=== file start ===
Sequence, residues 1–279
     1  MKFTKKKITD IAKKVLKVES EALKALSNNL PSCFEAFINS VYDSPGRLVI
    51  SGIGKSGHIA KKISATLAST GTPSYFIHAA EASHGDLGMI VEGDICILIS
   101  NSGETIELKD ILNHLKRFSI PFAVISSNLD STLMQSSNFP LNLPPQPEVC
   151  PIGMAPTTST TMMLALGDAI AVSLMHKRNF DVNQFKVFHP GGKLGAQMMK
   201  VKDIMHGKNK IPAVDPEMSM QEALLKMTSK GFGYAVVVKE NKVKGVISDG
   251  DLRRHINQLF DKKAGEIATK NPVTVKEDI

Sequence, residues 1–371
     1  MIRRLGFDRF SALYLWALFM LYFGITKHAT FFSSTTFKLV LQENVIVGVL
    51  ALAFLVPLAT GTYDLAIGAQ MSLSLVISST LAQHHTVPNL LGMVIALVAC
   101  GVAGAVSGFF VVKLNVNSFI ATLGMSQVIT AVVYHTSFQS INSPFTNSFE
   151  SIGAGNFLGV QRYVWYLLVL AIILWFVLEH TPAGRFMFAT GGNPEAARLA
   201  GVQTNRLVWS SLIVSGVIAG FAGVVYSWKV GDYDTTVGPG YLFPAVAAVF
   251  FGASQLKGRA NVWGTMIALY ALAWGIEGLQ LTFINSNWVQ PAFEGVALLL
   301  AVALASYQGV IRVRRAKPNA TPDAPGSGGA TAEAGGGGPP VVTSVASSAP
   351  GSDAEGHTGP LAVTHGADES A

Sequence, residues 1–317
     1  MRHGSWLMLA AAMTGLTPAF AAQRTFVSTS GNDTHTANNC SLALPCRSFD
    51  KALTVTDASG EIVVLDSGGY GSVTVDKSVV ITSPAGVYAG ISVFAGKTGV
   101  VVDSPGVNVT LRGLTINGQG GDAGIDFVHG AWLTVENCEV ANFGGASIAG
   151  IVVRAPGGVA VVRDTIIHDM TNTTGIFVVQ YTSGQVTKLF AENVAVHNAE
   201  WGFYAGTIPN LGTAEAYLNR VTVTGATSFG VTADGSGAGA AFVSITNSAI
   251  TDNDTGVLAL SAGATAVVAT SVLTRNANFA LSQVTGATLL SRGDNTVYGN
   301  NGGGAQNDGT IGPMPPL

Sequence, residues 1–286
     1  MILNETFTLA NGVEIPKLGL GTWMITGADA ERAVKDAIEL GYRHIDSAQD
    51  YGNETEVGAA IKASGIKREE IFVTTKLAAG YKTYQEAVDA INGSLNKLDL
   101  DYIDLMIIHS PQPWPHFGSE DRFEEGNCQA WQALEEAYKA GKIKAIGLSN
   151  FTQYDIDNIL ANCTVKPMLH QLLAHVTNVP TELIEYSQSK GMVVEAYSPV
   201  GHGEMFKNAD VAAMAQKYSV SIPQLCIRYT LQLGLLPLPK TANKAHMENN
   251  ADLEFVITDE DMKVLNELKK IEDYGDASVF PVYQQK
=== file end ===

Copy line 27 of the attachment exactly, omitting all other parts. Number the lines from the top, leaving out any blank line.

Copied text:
    51  YGNETEVGAA IKASGIKREE IFVTTKLAAG YKTYQEAVDA INGSLNKLDL